updated 7/1/2008 7:12:48 PM ET 2008-07-01T23:12:48

A German company that has been supplying paper used by Zimbabwe's central bank to print bank notes said Tuesday it is stopping shipments immediately at the request of Germany's government.

The move could be a new problem for the regime of President Robert Mugabe, which has been churning out currency amid skyrocketing inflation that forces Zimbabweans to shop with bundles of cash. A pint of milk can cost 3 billion Zimbabwe dollars, or about 30 U.S. cents.

Giesecke & Devrient GmbH of Munich said it would stop delivering bank note paper to the Reserve Bank of Zimbabwe "with immediate effect." It said the decision came in response to an official request from the German government and calls for international sanctions by the European Union and United Nations.

"Our decision is a reaction to the political tension in Zimbabwe, which is mounting significantly rather than easing as expected, and takes account of the critical evaluation by the international community, German government and general public," chief executive Karsten Ottenberg said in a statement.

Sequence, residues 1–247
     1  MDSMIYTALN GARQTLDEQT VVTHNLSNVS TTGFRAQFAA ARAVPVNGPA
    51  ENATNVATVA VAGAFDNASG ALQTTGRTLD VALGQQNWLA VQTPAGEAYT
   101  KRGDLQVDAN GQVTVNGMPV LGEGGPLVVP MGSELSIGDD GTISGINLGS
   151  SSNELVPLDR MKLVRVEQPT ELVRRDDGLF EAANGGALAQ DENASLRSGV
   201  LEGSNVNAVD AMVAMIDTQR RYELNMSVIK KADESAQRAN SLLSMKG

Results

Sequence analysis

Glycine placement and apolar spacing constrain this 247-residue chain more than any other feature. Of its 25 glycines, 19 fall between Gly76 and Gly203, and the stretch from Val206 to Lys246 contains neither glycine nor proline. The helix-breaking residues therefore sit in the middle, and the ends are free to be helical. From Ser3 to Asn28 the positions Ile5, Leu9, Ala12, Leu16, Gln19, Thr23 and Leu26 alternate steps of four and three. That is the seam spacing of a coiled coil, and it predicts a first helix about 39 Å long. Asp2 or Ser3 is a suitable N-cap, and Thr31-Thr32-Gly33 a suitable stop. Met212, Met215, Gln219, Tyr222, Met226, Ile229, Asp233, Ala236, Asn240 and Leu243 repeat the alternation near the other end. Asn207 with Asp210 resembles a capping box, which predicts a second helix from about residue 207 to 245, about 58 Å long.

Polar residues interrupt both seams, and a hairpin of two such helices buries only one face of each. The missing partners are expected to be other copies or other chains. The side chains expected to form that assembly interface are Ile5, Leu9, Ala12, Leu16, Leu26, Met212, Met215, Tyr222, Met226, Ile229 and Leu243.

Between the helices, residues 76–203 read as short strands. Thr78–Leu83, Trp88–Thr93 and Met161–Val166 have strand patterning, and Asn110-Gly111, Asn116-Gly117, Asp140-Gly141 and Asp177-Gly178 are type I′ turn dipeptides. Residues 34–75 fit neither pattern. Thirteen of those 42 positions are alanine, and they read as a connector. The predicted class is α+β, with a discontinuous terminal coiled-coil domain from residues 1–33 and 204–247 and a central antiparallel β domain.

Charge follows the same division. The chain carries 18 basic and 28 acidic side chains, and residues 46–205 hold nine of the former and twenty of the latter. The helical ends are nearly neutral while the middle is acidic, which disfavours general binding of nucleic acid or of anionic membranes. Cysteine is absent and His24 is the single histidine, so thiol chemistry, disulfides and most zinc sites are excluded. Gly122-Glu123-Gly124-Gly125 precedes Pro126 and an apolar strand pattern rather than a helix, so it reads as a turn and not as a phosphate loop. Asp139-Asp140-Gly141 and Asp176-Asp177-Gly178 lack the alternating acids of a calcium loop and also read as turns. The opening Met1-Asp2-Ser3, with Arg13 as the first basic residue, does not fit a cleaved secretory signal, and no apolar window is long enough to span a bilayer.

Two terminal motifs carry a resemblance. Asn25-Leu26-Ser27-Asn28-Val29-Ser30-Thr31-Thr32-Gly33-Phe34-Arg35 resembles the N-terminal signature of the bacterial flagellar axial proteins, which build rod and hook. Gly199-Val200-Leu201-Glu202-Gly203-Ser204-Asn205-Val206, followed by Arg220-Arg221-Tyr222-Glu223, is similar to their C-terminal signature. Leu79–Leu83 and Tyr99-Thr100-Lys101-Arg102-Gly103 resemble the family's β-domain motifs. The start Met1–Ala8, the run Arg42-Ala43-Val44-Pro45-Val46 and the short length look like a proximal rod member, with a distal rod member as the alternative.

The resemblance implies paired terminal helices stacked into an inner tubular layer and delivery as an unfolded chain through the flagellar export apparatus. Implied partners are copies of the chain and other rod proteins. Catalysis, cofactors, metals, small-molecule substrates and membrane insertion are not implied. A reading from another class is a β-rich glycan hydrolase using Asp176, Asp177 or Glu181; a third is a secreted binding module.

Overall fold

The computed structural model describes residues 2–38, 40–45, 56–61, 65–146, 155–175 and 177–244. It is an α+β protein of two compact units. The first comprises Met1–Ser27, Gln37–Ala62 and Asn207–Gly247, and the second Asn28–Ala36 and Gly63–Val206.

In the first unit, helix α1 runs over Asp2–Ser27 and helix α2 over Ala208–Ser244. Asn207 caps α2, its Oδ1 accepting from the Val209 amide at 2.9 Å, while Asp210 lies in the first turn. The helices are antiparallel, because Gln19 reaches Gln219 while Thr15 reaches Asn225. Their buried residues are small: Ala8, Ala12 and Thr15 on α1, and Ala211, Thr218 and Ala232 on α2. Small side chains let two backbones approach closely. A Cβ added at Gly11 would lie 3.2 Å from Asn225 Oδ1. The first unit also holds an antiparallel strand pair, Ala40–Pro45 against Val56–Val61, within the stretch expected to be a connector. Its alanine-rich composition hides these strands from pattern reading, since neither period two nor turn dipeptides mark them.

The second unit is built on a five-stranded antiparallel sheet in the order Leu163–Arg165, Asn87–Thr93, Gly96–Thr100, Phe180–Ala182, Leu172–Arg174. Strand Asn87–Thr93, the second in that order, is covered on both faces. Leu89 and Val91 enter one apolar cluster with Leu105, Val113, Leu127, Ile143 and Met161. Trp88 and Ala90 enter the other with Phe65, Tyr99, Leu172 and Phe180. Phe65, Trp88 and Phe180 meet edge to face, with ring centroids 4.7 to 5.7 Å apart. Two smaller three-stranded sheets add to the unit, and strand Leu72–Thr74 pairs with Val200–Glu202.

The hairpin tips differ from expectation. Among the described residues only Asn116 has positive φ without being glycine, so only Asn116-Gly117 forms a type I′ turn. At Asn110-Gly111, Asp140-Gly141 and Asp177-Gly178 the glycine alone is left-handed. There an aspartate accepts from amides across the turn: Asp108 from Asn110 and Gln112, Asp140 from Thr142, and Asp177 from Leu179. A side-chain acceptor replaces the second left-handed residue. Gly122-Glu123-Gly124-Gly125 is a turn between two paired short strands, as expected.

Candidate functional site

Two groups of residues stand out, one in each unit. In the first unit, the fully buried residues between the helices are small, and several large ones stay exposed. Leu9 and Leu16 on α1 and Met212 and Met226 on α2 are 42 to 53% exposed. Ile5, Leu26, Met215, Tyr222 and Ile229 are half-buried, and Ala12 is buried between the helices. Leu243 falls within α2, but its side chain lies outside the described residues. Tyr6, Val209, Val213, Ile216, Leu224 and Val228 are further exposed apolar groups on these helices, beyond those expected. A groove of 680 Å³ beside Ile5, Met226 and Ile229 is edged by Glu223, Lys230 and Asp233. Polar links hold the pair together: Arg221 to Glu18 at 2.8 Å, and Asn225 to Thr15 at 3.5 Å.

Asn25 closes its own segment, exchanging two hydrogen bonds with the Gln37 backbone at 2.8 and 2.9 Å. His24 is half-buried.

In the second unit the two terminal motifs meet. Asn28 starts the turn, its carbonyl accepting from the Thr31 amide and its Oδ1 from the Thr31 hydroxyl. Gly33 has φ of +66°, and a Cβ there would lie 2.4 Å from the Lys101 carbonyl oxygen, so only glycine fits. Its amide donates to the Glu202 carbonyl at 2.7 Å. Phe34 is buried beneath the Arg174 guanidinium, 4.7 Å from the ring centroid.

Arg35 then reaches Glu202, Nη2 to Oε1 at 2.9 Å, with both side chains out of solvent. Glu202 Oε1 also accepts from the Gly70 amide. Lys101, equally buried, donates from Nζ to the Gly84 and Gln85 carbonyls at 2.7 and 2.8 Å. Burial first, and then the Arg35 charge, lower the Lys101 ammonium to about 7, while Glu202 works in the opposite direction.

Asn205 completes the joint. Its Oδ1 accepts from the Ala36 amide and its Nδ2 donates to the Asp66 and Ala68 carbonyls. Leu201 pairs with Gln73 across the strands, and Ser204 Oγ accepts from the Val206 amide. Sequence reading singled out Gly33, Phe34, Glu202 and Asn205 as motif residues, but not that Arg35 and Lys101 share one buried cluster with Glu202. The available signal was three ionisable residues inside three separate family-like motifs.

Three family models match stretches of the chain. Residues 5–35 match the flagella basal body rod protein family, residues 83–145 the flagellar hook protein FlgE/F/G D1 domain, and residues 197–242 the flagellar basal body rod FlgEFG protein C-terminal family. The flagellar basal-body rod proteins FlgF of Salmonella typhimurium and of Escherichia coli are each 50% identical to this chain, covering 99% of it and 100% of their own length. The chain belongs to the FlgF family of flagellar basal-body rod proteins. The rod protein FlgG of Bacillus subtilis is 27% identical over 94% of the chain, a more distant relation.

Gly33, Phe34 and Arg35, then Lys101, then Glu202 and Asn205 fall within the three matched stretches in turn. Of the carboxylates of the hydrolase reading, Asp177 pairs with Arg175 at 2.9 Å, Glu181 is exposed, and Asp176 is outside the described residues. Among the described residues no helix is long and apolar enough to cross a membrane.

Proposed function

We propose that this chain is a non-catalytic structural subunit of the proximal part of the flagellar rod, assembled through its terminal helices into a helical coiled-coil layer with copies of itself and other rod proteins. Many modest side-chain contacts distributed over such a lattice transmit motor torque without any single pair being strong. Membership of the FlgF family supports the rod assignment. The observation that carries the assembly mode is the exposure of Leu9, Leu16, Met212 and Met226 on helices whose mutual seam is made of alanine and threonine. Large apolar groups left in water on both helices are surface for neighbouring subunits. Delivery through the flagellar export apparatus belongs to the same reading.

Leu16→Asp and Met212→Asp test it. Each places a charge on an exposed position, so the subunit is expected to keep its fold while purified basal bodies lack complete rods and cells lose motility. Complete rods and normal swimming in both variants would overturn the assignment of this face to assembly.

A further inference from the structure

Zimbabwe's currency needs have spiraled upward as a shattered economy spurs overheated inflation.

Prices rose 165,000 percent in February, according to government figures, but independent experts say the real inflation rate is closer to 4 million percent.

Mugabe, who was sworn in as president for a sixth term Sunday after a widely discredited runoff election, was once hailed for leading Zimbabwe's independence fight. But he has grown increasingly unpopular for land seizures and other economic policies that wrecked the country's once-vibrant agriculture sector.

Copyright 2008 The Associated Press. All rights reserved. This material may not be published, broadcast, rewritten or redistributed.


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